Bass is more than just a guitar with two fewer strings. It has a different tone, scale length, feel and musical role, and in many cases it requires a different conceptual and technical approach. Guitarists who are new to playing bass will often double the guitar part one octave lower. There is certainly a place octave doubling — just listen to Aerosmith's "Sweet Emotion," Led Zeppelin's "The Ocean" and Pantera's "I'm Broken." But there is so much more that can be done with the bass guitar.
“The future of Slipknot is always in doubt,” guitarist Jim Root says. “I always prepare for each album as if it’s gonna be the last.” It’s a minor miracle that Slipknot have lasted as long as they have. They have nine members in their lineup, each of whom lives up to the band’s aggro metal image in one way or another, and thereby contributes to the potential for volatility.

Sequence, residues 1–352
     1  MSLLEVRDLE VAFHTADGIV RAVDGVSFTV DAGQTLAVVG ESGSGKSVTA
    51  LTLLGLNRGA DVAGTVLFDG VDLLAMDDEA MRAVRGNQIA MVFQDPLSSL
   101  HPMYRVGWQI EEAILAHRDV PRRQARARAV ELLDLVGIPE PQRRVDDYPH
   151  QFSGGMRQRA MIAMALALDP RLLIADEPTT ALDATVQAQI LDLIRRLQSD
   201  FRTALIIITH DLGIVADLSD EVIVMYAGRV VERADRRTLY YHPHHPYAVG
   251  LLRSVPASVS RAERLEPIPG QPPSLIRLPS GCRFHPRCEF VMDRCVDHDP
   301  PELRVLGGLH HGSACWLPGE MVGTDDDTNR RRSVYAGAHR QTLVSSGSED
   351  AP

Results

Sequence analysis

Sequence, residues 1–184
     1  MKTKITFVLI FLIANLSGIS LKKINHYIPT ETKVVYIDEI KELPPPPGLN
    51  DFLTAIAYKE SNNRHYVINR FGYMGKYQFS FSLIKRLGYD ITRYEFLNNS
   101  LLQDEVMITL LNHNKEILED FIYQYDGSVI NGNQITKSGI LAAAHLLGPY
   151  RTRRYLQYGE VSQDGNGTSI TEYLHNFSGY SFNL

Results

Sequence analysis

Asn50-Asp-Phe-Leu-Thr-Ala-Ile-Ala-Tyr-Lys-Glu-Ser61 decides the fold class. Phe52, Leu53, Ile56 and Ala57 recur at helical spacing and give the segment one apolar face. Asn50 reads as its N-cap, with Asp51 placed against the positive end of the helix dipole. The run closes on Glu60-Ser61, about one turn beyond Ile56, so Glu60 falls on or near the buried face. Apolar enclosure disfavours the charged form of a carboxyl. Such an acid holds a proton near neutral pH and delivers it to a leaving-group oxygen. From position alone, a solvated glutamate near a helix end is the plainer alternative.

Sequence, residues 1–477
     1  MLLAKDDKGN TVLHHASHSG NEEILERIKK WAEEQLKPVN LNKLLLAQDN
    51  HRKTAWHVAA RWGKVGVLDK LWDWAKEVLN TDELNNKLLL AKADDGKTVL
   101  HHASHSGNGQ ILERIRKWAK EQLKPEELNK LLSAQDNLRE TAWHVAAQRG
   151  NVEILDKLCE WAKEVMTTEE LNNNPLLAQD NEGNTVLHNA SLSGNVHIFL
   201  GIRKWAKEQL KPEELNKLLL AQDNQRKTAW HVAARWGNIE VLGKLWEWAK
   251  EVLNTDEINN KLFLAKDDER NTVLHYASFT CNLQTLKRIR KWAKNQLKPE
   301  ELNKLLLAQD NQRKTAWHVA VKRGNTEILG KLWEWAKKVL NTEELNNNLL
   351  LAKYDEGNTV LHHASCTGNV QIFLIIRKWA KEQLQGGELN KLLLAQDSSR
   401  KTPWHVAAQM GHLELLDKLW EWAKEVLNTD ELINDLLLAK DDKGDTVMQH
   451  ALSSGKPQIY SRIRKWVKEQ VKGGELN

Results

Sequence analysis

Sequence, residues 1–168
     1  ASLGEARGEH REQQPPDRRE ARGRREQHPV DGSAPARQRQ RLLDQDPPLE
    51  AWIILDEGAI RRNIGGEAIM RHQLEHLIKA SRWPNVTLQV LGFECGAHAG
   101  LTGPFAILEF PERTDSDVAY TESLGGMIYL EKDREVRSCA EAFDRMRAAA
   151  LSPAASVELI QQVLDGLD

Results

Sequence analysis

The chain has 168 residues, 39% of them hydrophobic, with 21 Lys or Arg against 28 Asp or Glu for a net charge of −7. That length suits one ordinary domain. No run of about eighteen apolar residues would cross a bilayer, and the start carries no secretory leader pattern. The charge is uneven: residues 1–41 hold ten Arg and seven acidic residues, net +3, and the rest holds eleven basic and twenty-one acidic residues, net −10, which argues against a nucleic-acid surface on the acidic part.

When Guitar World catches up with Slash, it’s still weeks before the release of World on Fire, his new and second album with his band, Myles Kennedy and the Conspirators. And yet, he, Kennedy, bassist Todd Kerns and drummer Brent Fitz have already been out on the road supporting the album for more than a month, opening up a string of arena shows for Slash’s old friends in Aerosmith.
Recorded at a sold-out November 2013 show, the 16-track collection documents the band’s first show in support of their latest album, 2013's No More Hell To Pay.Live at the Whisky features live performances of the some of the band’s classic hits, including “Calling On You,” “Free,” “Always There for You,” “Soldiers Under Command” and “To Hell with the Devil."